Overrated Michigan goes down! You wouldn’t have guessed it from the first play of the game though; RB Donovan Edwards immediately broke a 54-yard run, gashing the TCU defense. The offense bogged down from there and faced 4th and goal. Michigan called the Philly special, but TCU snuffed it out and dropped Colston Loveland for a loss. TCU quickly went 3 and out, but the defense stepped up again, with Bud Clark scoring a pick 6. The Horned Frogs ran a nice drive on their second possession, extending their lead to 14-0. After Michigan got on the board with a field goal, TCU QB Max Duggan threw a pick. His counterpart, JJ McCarthy, hit WR Roman Wilson (5/104/1) for a 50-yard catch that was initially ruled a TD. Review showed that he was down just short of the goal line despite the commentators’ protests (I personally thought Wilson was a bit closer than the spot, but he was definitely short. On the next play, Kalel Mullings fumbled at the goal line, causing Michigan to come up empty.

TCU’s offense had problems. Part of that was the strong play of the Michigan defense, but Duggan was also the worst player on the field for 2 quarters and change. He fared better in the second half, but he still completed less than half of his passes (14/29) for 225 yards, 2 TDs, and 2 INTs. His rushing contributions were important, as he tallied 57 yards and 2 TDs that way. That was particularly notable because star RB Kendre Miller, a TD machine, injured his ankle in the first half. He finished with 57 yards on just 8 carries. Emari Demercado filled in spectacularly, rushing 17 times for 150 yards and 1 TD. Following a 21-6 first half by TCU, Michigan came out firing in the second half. They scored a field goal, picked off Duggan for the second time, and scored a 34-yard TD with WR Ronnie Bell (6/135/1). As they’ve done all year though, the Horned Frogs provided a critical response with a drive of their own. WR Quentin Johnston (6/158/1) caught a 46-yard pass (friendly reminder that he’s my top WR in this year’s draft), and Demercado ran 5 straight times for the TD. Michigan’s McCarthy threw the ball better than he did most of the season (20/34, 343, 2 TDs), and he ran well as usual (10/52/1), but he made two critical mistakes; both were pick sixes.

After TCU’s score, McCarthy threw his 2nd pick 6, this time to LB Dee Winters. Winters had an amazing game, with 7 tackles (3 for loss), a PBU, and that INT TD. The 3rd quarter then became a shootout, with 3 straight TD drives. We were interrupted by a Demercado fumble (though I won’t be very hard on him because of how great he otherwise played), after which 2 more consecutive TDs were scored. A total of 44 points were scored in the third quarter, but the defenses decided to come back and play (a bit) in the 4th. TCU added a field goal to extend the lead to 51-38, but Michigan scored a TD with 3:18 to go. The Frogs only got 1 first down, and the Wolverines got the ball back with a minute on the clock. As I’ve said before, if your season depends on McCarthy throwing the ball, you’re in trouble. The Wolverines went 4 and out, with the final play extremely fitting. McCarthy botched the snap, and the team lost yardage trying to scoop it up. The officials looked into a cheap targeting penalty to try and bail them out but couldn’t make that call. There wasn’t anything remotely close to a foul on the play.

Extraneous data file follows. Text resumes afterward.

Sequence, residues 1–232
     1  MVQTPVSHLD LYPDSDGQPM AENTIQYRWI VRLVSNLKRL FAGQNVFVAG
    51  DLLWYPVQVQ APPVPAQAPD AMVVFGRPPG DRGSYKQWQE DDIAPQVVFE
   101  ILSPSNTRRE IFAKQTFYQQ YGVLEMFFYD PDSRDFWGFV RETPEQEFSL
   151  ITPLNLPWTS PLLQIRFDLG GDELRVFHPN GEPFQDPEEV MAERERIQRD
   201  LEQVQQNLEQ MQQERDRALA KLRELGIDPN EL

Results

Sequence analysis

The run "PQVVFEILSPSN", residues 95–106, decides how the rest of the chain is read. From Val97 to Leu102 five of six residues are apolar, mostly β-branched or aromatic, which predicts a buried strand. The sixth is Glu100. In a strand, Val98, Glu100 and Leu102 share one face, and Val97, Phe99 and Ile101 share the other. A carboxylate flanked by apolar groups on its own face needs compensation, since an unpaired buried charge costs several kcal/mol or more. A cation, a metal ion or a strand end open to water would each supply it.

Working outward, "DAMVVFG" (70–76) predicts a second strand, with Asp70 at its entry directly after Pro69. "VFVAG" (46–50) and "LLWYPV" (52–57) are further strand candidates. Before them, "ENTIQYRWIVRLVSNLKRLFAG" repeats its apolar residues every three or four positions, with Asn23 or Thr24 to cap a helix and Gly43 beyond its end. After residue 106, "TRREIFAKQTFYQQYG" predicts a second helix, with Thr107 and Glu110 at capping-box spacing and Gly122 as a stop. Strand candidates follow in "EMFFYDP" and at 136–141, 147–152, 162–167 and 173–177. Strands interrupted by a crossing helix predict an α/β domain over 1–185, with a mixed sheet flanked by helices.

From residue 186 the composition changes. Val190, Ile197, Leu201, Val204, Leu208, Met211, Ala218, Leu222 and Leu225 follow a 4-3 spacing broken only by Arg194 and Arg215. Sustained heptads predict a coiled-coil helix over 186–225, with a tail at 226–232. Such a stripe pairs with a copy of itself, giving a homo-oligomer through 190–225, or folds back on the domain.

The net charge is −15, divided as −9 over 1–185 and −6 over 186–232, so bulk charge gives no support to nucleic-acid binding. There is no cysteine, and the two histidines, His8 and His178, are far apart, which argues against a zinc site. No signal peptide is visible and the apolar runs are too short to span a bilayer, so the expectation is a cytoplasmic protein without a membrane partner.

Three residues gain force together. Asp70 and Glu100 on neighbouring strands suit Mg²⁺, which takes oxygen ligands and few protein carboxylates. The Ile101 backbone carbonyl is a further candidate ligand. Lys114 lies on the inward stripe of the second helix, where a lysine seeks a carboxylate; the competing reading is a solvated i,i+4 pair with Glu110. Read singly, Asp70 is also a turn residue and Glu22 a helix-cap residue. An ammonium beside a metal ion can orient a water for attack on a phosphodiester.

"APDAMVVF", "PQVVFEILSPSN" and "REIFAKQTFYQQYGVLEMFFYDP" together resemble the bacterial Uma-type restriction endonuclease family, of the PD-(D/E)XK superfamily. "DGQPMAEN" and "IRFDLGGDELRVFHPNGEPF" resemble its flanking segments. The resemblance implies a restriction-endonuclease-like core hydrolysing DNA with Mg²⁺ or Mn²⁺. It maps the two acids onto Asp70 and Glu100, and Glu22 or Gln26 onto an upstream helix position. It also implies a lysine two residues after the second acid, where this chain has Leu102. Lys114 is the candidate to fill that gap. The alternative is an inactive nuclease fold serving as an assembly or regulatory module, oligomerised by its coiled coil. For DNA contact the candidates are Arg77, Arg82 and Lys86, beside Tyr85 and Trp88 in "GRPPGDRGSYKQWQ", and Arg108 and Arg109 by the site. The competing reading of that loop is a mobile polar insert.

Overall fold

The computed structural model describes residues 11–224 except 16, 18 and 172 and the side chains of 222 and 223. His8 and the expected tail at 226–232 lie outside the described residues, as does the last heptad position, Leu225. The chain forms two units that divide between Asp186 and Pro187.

The team with the longest odds to win it all got 1 step closer. Sonny Dykes showed why he earned the AP Coach of the Year award in his first season at TCU. His Horned Frogs beat a highly favored team on a day when his Heisman finalist QB wasn’t anywhere near his best. To win the championship, the defense will have to play like they did in the first half, as their second half performance will not get the job done. The offense also won’t be able to count on two pick sixes to lift them up. However, the sign of a good team is that they can win when things aren’t going their way. That certainly described TCU in this game considering the Miller injury, the subpar passing game, and the fact that the officials seemed to be supporting Michigan. The Wolverines suffer another bitter semifinal exit, but there’s no reason for them to not be back here again next year. Their prime competition will be Ohio State as usual, who won’t have CJ Stroud next season. I’ll discuss the Frogs’ outlook more in my championship game post.